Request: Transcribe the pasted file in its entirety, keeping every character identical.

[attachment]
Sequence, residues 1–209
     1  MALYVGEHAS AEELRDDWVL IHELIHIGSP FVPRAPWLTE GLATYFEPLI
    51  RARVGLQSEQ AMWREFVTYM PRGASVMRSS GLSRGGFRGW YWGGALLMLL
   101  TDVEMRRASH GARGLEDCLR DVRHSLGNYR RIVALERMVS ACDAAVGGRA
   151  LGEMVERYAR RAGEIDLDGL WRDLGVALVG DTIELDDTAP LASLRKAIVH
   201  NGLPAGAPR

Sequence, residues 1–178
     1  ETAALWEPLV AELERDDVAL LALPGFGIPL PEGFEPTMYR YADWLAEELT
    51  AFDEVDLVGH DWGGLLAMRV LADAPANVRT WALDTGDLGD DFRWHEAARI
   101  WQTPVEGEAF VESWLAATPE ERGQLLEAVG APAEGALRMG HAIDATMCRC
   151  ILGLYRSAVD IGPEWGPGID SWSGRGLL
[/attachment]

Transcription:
Sequence, residues 1–209
     1  MALYVGEHAS AEELRDDWVL IHELIHIGSP FVPRAPWLTE GLATYFEPLI
    51  RARVGLQSEQ AMWREFVTYM PRGASVMRSS GLSRGGFRGW YWGGALLMLL
   101  TDVEMRRASH GARGLEDCLR DVRHSLGNYR RIVALERMVS ACDAAVGGRA
   151  LGEMVERYAR RAGEIDLDGL WRDLGVALVG DTIELDDTAP LASLRKAIVH
   201  NGLPAGAPR

Sequence, residues 1–178
     1  ETAALWEPLV AELERDDVAL LALPGFGIPL PEGFEPTMYR YADWLAEELT
    51  AFDEVDLVGH DWGGLLAMRV LADAPANVRT WALDTGDLGD DFRWHEAARI
   101  WQTPVEGEAF VESWLAATPE ERGQLLEAVG APAEGALRMG HAIDATMCRC
   151  ILGLYRSAVD IGPEWGPGID SWSGRGLL